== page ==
Today in Copyright History: 7/22

On July 22, 1897, Boston book dealer and noted copyright expert Thorvald Solberg was appointed the first Register of Copyrights for the newly-created U.S. Copyright Office.  Appointed by John Russell Young, the Librarian of Congress, Solberg served as Register for 33 years, grew the Office from a few clerks to a professional staff of over 100 people, and was an influential voice in the policy and passage of the Copyright Act of 1909.  From the History of Copyright Timeline at the U.S. Copyright Office.

 
Public domain, via the U.S. Copyright Office.

Public domain, via the U.S. Copyright Office.

 

Today in Copyright History: 7/10

On July 10, 1870, San Domingo, a travel account by De Benneville Randolph Keim, was the first work registered for copyright in the Library of Congress

104 years later, on July 10, 1974, the United States joined the 1971 revision of the Universal Copyright Convention (“UCC”).  Originally adopted in Geneva, Switzerland in 1952, the UCC is one of two principal international copyright conventions, the other being the Berne Convention for the Protection of Literary and Artistic Works.  The U.S. has been a member of the UCC since 1955, and a member of the Berne Convention since 1989.  From the History of Copyright Timeline at the U.S. Copyright Office.

Today in Copyright History: 7/8

On July 8, 1870, the second general revision of U.S. copyright law centralized copyright activities, including registration and deposit, in the Library of Congress.  It also extended protection to works of art, gave authors the right to create their own derivative works, including translations and dramatizations, and began the indexing of registration records.  From the History of Copyright Timeline at the U.S. Copyright Office.

Today in Copyright History: 7/3

On July 3, 1891, the play Saints and Sinners, written by English dramatist Henry Arthur Jones and published by Macmillan and Co., became the first foreign work registered in the United States.  From the History of Copyright Timeline at the U.S. Copyright Office.

 
Public domain, via Internet Archive ( https://archive.org/details/saintsandsinner01jonegoog ).

Public domain, via Internet Archive (https://archive.org/details/saintsandsinner01jonegoog).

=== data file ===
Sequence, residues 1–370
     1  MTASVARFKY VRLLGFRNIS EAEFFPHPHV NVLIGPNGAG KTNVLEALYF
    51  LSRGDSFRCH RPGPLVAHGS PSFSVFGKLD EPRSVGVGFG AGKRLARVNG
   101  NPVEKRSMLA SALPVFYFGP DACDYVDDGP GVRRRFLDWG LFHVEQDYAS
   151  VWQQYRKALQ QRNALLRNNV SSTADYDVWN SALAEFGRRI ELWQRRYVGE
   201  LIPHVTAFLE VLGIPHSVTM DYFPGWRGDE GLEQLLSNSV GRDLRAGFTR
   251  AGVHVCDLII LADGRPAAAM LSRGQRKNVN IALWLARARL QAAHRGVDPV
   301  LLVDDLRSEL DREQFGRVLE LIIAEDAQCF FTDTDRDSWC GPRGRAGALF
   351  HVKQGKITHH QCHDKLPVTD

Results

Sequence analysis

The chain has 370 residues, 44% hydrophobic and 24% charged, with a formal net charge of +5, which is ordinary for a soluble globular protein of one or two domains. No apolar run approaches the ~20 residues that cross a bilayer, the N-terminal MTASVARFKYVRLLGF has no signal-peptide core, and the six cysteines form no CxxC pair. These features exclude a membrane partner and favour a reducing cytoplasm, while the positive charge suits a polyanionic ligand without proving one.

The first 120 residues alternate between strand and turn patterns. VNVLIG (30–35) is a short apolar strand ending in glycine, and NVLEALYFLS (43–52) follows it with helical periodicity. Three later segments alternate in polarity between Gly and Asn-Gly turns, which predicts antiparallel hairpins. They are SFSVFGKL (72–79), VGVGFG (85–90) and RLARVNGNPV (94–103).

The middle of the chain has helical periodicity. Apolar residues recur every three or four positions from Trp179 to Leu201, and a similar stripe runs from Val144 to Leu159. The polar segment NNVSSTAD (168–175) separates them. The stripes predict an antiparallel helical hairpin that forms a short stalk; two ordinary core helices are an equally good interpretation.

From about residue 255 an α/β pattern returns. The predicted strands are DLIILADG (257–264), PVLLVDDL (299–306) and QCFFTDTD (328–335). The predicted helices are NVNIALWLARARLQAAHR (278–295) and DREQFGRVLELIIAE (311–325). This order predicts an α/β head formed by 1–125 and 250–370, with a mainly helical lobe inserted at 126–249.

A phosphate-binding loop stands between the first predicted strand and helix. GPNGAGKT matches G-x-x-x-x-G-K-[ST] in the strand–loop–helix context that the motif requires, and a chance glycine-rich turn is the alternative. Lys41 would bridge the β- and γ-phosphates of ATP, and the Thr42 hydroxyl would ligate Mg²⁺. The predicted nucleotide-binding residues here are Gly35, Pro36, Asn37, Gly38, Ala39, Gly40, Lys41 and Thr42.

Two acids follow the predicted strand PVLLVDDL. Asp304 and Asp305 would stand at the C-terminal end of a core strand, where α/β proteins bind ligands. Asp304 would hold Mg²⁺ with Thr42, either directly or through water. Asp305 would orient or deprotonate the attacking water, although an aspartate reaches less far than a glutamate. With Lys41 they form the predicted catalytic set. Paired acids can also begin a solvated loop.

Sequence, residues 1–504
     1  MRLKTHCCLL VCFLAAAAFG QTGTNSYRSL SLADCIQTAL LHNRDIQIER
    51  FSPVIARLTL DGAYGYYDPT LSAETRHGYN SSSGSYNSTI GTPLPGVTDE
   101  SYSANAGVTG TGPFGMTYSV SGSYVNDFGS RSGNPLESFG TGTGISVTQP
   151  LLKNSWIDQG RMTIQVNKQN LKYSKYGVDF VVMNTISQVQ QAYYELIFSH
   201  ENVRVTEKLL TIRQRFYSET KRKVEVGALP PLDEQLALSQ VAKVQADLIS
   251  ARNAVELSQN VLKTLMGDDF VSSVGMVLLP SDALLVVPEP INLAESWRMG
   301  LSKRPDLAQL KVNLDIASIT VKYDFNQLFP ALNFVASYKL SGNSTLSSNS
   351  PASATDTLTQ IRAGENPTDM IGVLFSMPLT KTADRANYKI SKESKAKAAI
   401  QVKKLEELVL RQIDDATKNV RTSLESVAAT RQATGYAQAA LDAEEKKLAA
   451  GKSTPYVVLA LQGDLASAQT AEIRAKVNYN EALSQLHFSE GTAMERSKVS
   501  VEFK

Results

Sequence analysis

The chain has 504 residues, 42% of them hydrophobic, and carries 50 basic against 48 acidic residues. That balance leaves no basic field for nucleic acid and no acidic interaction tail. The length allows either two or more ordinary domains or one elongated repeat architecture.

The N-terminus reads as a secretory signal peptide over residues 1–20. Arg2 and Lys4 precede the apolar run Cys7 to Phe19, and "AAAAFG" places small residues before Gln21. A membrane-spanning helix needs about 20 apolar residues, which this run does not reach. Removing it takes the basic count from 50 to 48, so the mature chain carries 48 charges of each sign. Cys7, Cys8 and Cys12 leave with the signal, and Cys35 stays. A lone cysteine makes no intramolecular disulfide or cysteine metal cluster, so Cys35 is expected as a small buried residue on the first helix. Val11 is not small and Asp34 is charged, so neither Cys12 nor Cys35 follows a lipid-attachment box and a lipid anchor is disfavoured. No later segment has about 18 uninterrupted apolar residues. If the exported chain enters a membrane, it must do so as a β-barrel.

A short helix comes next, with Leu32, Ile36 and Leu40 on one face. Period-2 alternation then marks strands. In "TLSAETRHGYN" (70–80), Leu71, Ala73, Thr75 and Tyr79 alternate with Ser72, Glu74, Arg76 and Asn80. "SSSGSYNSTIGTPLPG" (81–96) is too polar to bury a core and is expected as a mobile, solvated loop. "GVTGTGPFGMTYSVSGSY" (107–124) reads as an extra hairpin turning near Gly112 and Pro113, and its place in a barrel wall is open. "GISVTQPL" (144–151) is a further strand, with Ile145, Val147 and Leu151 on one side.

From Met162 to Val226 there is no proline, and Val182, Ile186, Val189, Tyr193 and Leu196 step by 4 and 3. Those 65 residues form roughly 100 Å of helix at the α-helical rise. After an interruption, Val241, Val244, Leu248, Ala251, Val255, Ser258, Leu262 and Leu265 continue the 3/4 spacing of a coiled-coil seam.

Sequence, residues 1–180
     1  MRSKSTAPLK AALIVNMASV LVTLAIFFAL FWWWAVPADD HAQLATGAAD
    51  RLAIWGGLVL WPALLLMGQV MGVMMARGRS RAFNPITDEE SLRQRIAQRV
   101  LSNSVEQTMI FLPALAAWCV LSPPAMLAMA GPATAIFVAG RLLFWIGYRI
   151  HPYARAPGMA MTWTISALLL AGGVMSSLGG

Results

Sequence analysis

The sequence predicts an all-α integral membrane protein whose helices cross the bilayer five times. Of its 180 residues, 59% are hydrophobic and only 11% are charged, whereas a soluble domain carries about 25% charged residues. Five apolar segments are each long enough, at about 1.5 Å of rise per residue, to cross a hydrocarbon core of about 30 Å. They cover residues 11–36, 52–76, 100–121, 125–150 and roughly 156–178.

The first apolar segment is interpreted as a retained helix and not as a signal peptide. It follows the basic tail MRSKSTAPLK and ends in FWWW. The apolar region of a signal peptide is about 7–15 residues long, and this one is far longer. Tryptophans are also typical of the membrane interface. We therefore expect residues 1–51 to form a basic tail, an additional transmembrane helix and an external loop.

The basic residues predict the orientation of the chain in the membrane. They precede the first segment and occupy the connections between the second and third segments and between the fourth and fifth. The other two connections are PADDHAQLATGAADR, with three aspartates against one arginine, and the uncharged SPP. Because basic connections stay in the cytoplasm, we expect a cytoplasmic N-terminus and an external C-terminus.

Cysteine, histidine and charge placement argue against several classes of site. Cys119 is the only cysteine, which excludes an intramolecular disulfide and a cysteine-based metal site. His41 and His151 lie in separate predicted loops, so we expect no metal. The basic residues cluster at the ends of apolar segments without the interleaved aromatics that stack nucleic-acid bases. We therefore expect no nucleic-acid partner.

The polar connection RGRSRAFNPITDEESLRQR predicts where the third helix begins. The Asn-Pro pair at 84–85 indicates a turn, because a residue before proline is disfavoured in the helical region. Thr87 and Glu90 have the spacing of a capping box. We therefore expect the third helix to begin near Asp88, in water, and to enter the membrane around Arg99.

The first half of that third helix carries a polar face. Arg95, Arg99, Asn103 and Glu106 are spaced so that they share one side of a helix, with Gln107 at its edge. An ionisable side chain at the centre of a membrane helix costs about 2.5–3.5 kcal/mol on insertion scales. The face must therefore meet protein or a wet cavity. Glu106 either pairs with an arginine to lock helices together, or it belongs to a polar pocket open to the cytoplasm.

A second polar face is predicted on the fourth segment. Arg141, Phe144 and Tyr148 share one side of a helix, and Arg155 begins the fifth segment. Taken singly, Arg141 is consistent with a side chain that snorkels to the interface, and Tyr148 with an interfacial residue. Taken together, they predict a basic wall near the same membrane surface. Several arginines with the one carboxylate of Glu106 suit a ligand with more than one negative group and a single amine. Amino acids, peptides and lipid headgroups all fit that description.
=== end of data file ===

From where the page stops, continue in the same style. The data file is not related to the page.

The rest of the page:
This Month in Copyright History

In July 1891, records of registered works were published in book form for the first time.  This compilation, now called the Catalog of Copyright Entries, was published semi-annually in book form by the U.S. Copyright Office from 1891 through 1978, and on microfiche from 1979 through 1982.  Today, all registration records from 1978 to the present are publicly accessible through the Office’s website.  More information about obtaining access to copyright registration records is available here.  From the History of Copyright Timeline at the U.S. Copyright Office.

 
Public domain, via the Library of Congress ( https://archive.org/details/catalogoftitleen11118libr ).

Public domain, via the Library of Congress (https://archive.org/details/catalogoftitleen11118libr).

 

Today in Copyright History: 7/1

On July 1, 2007, electronic registration on the U.S. Copyright Office website was made available to the public.  The eCO Registration System (“electronic Copyright Office”) offers numerous advantages over traditional paper filings, such as faster application processing, online status tracking, significantly lower fees, more payment options, the ability to upload certain types of works as electronic files, and, of course, the convenience of doing all of the above in your pajamas, if you are so inclined.  From the History of Copyright Timeline at the U.S. Copyright Office.